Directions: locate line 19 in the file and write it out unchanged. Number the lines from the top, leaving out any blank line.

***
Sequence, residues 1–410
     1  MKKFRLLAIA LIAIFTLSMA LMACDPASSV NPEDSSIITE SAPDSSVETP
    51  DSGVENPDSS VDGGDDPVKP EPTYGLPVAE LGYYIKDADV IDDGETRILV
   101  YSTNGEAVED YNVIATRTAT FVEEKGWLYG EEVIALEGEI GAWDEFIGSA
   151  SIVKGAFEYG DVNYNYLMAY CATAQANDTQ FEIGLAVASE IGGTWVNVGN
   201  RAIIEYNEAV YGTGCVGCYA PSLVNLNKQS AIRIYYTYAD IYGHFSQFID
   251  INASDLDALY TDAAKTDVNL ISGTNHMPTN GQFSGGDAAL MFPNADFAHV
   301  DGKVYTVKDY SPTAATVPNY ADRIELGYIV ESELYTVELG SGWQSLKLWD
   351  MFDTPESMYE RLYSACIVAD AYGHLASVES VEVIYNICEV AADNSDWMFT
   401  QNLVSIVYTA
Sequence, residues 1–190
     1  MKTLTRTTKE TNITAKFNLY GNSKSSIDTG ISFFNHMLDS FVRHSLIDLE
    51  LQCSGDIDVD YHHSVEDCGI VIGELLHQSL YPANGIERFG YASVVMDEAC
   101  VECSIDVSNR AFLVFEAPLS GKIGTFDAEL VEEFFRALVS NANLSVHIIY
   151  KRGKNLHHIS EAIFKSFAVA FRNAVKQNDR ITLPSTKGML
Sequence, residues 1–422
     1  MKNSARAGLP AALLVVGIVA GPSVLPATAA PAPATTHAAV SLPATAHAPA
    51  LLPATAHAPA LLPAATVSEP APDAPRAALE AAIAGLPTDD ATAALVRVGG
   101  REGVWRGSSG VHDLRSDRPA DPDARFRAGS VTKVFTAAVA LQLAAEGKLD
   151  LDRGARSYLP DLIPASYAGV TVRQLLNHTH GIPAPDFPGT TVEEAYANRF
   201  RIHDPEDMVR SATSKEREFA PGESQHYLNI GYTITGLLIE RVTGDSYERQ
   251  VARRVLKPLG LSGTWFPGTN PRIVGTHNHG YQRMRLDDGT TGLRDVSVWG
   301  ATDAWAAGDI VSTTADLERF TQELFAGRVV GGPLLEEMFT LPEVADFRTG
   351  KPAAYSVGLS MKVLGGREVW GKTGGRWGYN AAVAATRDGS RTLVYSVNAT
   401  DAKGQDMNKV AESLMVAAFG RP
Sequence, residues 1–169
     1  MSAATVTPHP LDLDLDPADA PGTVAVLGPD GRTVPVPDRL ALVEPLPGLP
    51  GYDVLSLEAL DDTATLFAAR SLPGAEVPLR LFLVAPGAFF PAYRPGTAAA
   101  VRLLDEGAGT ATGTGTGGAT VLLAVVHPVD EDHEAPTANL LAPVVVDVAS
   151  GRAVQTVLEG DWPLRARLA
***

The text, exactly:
   101  REGVWRGSSG VHDLRSDRPA DPDARFRAGS VTKVFTAAVA LQLAAEGKLD